Why should law firms use transcription services?
Justice is swift, they say. But what about “e-justice”?
Many state and local courts are successfully using digital recordings as an accurate and cost-effective means to produce, obtain and maintain court proceedings. This trickles down to the ways that attorneys themselves rely on digital audio recordings and the subsequent transcriptions.
In short, the justice system is, at least on this front, “going digital” and this could prove a very good thing for a number of concerned parties as well as those looking to access justice.
Transcriptions of digitally-recorded, in-court proceedings, depositions and interviews are not only useful for attorneys: Appellate courts also rely on transcriptions and so do judges, juries, plaintiffs and witnesses.
The trend towards digital court recordings and their subsequent transcripts doesn’t necessarily eliminate roles of either the court reporter or legal transcriptionist. If anything, it actually enhances the process of justice, moving towards what Fred Lederer, director of the Center for Legal and Court Technology (CLCT), calls a “100 percent accurate text manuscript”.
Legal transcription services that rely on audio recordings of court proceedings, hearings, depositions, etc., can now exercise an even greater level of specificity and control in the transcribing process, helping to capture not from memory or observation but from recorded sound.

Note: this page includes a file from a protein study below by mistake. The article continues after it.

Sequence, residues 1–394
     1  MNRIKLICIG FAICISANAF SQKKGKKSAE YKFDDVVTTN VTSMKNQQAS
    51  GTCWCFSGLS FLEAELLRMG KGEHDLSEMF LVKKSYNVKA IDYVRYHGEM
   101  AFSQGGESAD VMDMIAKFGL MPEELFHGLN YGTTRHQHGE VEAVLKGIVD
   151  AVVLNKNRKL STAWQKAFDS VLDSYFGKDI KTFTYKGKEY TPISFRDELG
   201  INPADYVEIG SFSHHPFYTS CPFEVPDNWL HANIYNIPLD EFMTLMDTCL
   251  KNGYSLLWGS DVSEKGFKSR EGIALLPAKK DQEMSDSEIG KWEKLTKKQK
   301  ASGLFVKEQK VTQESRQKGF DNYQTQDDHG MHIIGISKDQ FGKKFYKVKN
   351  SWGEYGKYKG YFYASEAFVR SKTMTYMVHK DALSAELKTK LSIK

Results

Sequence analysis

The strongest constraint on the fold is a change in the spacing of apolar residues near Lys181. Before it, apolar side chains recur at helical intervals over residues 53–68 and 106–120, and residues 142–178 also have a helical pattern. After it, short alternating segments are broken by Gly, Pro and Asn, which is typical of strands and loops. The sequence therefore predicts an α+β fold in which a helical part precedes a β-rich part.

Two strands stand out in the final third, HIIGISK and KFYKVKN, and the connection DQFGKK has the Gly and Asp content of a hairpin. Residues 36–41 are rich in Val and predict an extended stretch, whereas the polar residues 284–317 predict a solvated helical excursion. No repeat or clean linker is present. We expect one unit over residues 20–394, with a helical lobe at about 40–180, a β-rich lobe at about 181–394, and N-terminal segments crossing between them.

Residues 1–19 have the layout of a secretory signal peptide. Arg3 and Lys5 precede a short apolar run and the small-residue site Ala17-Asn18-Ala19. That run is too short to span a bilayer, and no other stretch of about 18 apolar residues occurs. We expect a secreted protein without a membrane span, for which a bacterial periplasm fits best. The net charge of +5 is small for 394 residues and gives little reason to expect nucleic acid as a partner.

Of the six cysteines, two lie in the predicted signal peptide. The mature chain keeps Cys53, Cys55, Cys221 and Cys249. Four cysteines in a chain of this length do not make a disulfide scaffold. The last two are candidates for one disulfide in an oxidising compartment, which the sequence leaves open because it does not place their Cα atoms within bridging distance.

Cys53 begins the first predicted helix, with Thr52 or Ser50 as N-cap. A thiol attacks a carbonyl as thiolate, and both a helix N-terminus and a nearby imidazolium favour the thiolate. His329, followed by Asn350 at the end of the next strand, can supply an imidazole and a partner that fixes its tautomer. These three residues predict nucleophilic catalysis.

What is a legal transcriptionist?
Legal transcription is the integral function of transcribing audio recordings of court proceedings, depositions, hearings, meetings, interviews and EUOs. “Integral”, because it is the coherent collection of these important materials that form the theory and structure of the case. The correct transcripts, then, can often help turn the tide on a case, capturing illuminating details. This makes legal transcription an area calling for a certain level of expertise.
Unlike court reporters seen in court, tapping away at a steno machine while court is in session, the legal transcriptionist gets to work on recorded audio files. Court reporters can review and edit the transcripts of these courts proceedings while legal transcriptionists work to capture details during audio playback, using a computer, headset and foot pedal to control the pace of the recording.
What are its uses?
A legal transcriptionist is responsible for transcribing documents like general or case-specific correspondence, pleadings, motions, discovery, depositions, interviews, hearings and court proceedings. These can be proceedings that are recorded while a case is in court, being tried, or is occurring in a lawyer’s office through depositions and witness interviews. The transcribed documents are, of course, highly useful for an attorney to refer back to and build a case on. But attorneys are not the only ones who rely on clear, transparent and comprehensive transcripts. Judges, witnesses and juries do as well.
This makes transcription services absolutely critical, whether during criminal or civil trials. Attorneys routinely face a veritable mountain of evidence, including witness interviews, depositions, forensic examinations, police reports or investigations, recordings or wiretaps, video footage and much more.
Especially in complex cases (sometimes spanning years, with a number of appeals), attorneys need to, not only go through previous notes and evidence, they must now form their own notes on the evidence. Complete clarity, conciseness and organization are the keys to finding threads of continuity or achieving breakthroughs on a case.